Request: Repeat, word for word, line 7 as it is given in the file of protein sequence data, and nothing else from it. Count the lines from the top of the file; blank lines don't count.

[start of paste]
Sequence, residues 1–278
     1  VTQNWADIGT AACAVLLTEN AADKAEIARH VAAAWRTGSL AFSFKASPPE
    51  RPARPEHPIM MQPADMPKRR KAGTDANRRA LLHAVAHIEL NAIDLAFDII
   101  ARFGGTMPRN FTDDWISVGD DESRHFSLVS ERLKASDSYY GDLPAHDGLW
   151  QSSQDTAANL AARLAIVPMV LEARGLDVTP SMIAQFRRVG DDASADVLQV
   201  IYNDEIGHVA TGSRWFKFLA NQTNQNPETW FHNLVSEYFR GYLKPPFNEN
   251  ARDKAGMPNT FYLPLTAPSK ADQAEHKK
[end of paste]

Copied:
   251  ARDKAGMPNT FYLPLTAPSK ADQAEHKK